When it comes to athletics, we are all gifted (or not) differently. Some are good in one discipline, while others have been graced with the ability to perform exceptionally well in multiple disciples.

If you are such a one that is so gifted, perhaps you should consider taking part in an Olympic triathlon.

Triathlon – 3 Disciplines One Race

A triathlon is an athletic competition involving the completion of 3 endurance disciplines in sequence. The most popular Olympic triathlon variation is one that involves swimming, cycling, and finally running. There is a reason for this order and it is very important that a triathlon is done in this order. Swimming is the riskiest event in a triathlon and thus, it is best to complete this challenge when the triathlete is fresh. Next is the bike race because the risks and consequences of injury from exhaustion are greater than in the running challenge. A triathlon’s challenges are done in immediate succession over various distances, with the most common Olympic triathlon distances being:

  • A swim of 0.93 miles
  • A bicycle route of 24.8 mile
  • Running distance of 6.2 miles.

Although the individual components of a triathlon are timed, the overall prize goes to the triathlete who completes the triathlon in the overall best time.

Triathlon Transition – Strategy is Key 

At every stage of a triathlon, a transition area is set up where the triathletes change gear for the different segments of the race, known as T1 (swim-bike) and T2 (cycling to running). The transition from one stage to another is another crucial aspect of a triathlon and can actually make or break your race.

Even though each stage has its own transition procedure and strategies, there are 2 main factors that will ensure that your transition is as smooth as possible – speed and efficiency. This is why it is crucial to include the transition areas in your pre-event preparations. The day of the triathlon can be a very confusing day and as such, it is important that you master the swim exit, bike exit, the run exit, the placing of every piece of your equipment, and the space you will have to work in. In essence, you have to be very familiar with the transition area and have a very good procedure to make the transition from one stage of the triathlon to another. You have to be a well-oiled machine with a well-mapped blueprint of everything you will be doing in the event – every tiny detail.

Olympic Triathlon Training Plan – Preparing Your Entire Being

Although a triathlon may seem like a very daunting challenge, participating in one is not as difficult as you may think. Winning it, on the other hand, is another matter altogether. But if you already have an exercise regimen, it’s easy for you to get yourself triathlon ready in as little as 8 weeks. 

What about an Olympic Triathlon training plan?

Well, training for an Olympic standard triathlon requires that you have at least an average training regimen in the 3 disciplines involved. Average but consistent, as consistency plays an important factor in endurance. And to be able to implement an effective Olympic triathlon training plan, you have to rigorously train all your systems – making you well rounded to perform to the best of your ability in the water, on a bike, and on the road.  Every muscle, including the heart, is put to the test in a triathlon, and as such, every muscle will need intense training.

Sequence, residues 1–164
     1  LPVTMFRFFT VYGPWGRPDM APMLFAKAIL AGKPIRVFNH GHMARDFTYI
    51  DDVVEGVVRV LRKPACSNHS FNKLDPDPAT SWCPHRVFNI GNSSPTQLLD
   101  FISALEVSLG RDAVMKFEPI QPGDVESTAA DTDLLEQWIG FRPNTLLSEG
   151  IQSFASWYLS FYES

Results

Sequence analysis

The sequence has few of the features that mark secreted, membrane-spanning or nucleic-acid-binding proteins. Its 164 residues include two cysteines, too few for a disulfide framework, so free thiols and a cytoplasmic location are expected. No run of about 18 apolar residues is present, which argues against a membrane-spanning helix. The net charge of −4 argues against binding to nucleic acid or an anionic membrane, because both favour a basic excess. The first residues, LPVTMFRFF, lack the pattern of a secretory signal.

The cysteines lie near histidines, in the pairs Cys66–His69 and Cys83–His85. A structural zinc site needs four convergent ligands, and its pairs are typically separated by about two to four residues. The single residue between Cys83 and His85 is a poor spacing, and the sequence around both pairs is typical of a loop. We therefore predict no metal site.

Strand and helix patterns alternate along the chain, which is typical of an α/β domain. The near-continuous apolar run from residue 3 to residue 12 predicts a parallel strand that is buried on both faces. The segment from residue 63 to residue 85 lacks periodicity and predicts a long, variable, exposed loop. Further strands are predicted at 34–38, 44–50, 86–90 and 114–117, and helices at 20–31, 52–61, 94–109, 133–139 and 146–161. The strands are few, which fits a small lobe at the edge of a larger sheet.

It is the intensity of this training that makes it necessary for you to have a solid training plan. And your training plan must not just only focus on the physical aspect of the challenge but must include mental training as well, as a triathlon can put a toll on you mentally and emotionally.

3 Race Day Tips to Make Your Olympic Triathlon a Success

You have trained your body to the maximum and now you are ready to tackle the triathlon. It’s race day and you can’t wait to go out there and put yourself to the ultimate test. Before you do though, here are a few tips to make sure you release your full potential.

1. Every Great Day Starts With a Great Breakfast

Avoid hard-to-digest foods as they will cause stomach complications. The best breakfast is a combination of good fats and carbohydrates. If you are racing later in the day, keep your meals light and soft.

2. Have a Nerve Calming Routine

The best way to keep yourself calm and collected is to have a pre-race routine that helps calm your nerves. It could be a song, a simple exercise, or even as simple as positive affirmations.

3. Take the Race One Step at a Time

Although the urge to win may move you to concentrate on winning, it is best to take the race one step at a time. 

Ready for Your Olympic Triathlon?

Although a triathlon may be a competitive sport, for many it is simply a matter of fulfilling personal goals. Whatever your reason, best be ready.

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